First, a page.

Academic journal article Journal of Marriage and Family

The Effects of Family Characteristics and Time Use on Teenagers' Household Labor

Academic journal article Journal of Marriage and Family

The Effects of Family Characteristics and Time Use on Teenagers' Household Labor

Article excerpt

Studies suggest that children's contributions to housework are minimal. However much of this research focuses on young adolescents, utilizes data regarding adult tasks, and ignores chores children more often perform. We address these gaps by analyzing longitudinal time-use data collected from teens on the types of household chores they are most likely to perform. We examine gender inequity in teens' contributions to household labor and how it changes over high school. We also explore how teens' household contributions vary by family structure, and by teens' involvement in school and paid work. We find that girls devote more time to household tasks than boys and that this gender gap increases during high school. Teens' efforts are greater in larger families and in single parent families. Lastly. high school males spend more time on extracurricular and leisure activities than girls, who work longer hours in both unpaid and paid labor

Key Words: divorce, family, gender housework inequality, time-use.

Researchers investigating children's contributions to household work in the past 10-15 years generally seem to concur with Shelton and John (1996) that children's participation in household labor "is typically occasional and their time investment small" (p. 311). Most studies of children's household inputs, however, focus on young children or early adolescents (Bianchi & Robinson, 1997; Crouter, Manke, & McHale, 1995; Peters & Haldeman, 1987). The contribution of older teenagers, who are more capable of sharing the work at home as a result of increased maturity and skills, has received much less attention. (For an exception, see Call, Mortimer, & Shanahan, 1995.)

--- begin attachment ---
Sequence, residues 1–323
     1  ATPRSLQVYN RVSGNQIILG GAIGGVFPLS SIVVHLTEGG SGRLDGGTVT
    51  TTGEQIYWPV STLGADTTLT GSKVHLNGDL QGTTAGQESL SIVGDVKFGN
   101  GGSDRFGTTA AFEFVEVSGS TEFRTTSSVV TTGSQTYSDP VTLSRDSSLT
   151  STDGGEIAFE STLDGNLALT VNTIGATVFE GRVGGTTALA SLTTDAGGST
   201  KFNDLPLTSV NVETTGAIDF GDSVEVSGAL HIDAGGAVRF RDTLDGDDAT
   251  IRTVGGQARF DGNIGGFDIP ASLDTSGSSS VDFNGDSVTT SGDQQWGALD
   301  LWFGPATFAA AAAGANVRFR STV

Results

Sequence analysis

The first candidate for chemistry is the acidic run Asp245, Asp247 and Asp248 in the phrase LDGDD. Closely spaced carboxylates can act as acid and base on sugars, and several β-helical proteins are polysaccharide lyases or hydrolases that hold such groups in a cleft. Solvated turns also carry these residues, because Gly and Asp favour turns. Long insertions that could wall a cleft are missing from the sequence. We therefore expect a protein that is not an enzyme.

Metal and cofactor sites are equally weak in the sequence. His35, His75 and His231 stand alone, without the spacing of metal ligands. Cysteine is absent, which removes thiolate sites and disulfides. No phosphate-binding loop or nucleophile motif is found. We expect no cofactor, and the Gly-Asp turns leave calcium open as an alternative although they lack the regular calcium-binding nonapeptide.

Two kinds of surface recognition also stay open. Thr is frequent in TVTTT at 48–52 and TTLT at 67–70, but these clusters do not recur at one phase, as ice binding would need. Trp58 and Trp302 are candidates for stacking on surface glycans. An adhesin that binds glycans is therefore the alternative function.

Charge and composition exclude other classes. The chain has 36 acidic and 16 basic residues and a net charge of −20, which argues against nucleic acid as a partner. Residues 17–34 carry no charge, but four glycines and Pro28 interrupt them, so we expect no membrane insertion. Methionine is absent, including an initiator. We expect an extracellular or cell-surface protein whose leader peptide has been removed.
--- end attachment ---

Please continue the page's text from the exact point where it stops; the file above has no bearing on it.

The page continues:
In addition, researchers typically have measured children's contributions to household work by surveying the time they spend on an array of chores, many of which may actually be more appropriate for adults than children. Tasks that children are more likely to assume are often omitted from consideration. These problems are evident, for example, in studies employing data from the National Survey of Families and Households (Blair, 1992a, 1992b; Demo & Acock, 1993), where the household division of labor is assessed with a list that includes "adult" tasks like paying bills and driving, but excludes such "children's" tasks as babysitting siblings and caring for pets. Therefore, the household contributions made by offspring may be underestimated.

To address these gaps in past research that may have led to underestimates of children's inputs, we focus on the household labor of teenagers as they approach adulthood. The analyses are aimed at examining longitudinally, across the high school years, the extent to which teens participate in an array of household chores-some of which may be unique to children-as well as identifying the factors that produce variability in teens' time investments.

Both individual and contextual factors have been linked to variations in children's household work. Gender is the key individual factor associated with variations in time devoted to housework for both adults (Blair & Lichter, 1991; Shelton, 1991) and children (Antil, Goodnow, Russell, & Cotton, 1996). Researchers have found that, similar to married couples, household chores among children are also sex typed. Girls spend more time on a greater number of tasks than boys (Blair, 1992b; McHale, Bartko, Crouter, & Perry-Jenkins 1990; White & Brinkerhoff, 1981). Therefore, a central issue in this analysis is to determine whether a gender gap in household labor exists for teens as well and whether that gap changes as teens approach adulthood.

Concerning contextual factors, research on children's housework has focused on a number of family structure characteristics, including maternal employment, marital status, and family size, but often in isolation (Benin & Edwards, 1990; Demo & Acock, 1993; Hilton & Haldeman, 1991; Peters & Haldeman, 1987). …

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